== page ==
Field workers surveying wetland habitat. Photo: Francisco Martins/Flickr
Field workers surveying wetland habitat. Photo: Francisco Martins/Flickr


By Brianna van de Wijngaard –

Community Liaison

Cariboo Chilcotin Conservation Society

2016 brings yet another World Water Day (WWD) on March 22. Part of its purpose is to keep water conservation and preservation top of mind at both local and global levels, but also because each WWD theme is part of a strategic sustainability initiative established by the UN Water department. This year’s theme is Water and Jobs, meant to “highlight the two-way relationship between water and the decent work agenda in the quest for sustainable development” (Stockholm International Water Institute).

So, of course, this makes us curious: what kinds of green (or blue) jobs currently exist in the water management sector? And what might they look like in the near future for a more sustainably managed water sector?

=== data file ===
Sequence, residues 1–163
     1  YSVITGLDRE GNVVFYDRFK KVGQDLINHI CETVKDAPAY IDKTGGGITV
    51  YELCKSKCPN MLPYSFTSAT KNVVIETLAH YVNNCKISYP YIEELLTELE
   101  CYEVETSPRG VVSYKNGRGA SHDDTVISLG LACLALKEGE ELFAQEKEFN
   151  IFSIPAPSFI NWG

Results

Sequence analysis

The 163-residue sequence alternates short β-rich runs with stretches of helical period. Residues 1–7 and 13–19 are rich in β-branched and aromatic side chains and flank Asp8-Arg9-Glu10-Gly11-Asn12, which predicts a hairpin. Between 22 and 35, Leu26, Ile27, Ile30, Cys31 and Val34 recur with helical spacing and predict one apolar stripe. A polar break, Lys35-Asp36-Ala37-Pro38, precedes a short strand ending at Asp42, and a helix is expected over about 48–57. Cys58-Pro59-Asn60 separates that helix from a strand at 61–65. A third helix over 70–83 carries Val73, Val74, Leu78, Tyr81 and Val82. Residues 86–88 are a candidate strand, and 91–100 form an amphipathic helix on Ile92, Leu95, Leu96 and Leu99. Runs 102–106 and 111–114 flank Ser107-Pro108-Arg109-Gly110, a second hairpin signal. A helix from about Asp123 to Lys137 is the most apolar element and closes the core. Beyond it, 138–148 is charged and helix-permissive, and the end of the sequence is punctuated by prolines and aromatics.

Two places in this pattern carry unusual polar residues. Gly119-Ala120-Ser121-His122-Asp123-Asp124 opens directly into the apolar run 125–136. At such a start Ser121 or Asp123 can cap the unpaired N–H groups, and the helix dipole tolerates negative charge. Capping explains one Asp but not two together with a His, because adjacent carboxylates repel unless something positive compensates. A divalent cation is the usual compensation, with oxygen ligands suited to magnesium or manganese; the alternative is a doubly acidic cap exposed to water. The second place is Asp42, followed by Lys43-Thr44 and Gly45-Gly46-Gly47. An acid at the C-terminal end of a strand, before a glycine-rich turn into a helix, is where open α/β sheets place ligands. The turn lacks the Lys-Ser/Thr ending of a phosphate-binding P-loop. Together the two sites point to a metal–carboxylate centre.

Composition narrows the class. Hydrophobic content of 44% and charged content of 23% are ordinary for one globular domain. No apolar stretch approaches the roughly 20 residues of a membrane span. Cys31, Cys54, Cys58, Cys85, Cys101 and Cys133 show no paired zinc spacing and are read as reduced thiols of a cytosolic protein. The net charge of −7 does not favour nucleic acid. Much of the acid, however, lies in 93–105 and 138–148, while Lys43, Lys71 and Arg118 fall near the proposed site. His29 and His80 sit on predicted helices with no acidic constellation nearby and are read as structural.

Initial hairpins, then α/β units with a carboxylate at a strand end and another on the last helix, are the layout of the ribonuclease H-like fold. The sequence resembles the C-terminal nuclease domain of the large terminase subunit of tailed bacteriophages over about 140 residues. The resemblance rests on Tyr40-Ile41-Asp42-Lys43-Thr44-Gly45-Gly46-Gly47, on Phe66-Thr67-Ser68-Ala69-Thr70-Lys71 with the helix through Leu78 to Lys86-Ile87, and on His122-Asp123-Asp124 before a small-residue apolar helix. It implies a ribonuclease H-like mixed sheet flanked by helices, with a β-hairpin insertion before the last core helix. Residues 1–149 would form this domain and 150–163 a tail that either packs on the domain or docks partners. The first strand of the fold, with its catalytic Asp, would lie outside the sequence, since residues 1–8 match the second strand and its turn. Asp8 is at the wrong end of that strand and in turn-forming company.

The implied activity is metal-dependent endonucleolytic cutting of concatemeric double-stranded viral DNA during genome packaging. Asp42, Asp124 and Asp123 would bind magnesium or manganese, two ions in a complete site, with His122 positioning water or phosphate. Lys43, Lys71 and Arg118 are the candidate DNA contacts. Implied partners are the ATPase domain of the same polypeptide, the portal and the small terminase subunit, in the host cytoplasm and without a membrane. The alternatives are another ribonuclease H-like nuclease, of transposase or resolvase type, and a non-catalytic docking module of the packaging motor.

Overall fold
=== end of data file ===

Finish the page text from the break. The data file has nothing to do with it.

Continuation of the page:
As of 2013, Canada had an estimated 83,500 professionals working directly in core water quality jobs. There are 4,600 members in the BC Water and Waste Association alone, which represents water professionals such as facility operators, utility managers, engineers, consultants, and government policy and regulatory staff. But most industries have some level of demand for water quality practitioners, the top three being government, consulting firms, and water utilities, according to ECO Canada.

BC also has the highest percentage of labourers in the water quality workforce –16% out of all the provinces – and in Williams Lake, we have 10 full-time staff working directly on the maintenance and quality of the City’s water system. This doesn’t include other contributory positions in local labs, private engineering firms, development, or other government agencies such as Interior Health or Environment.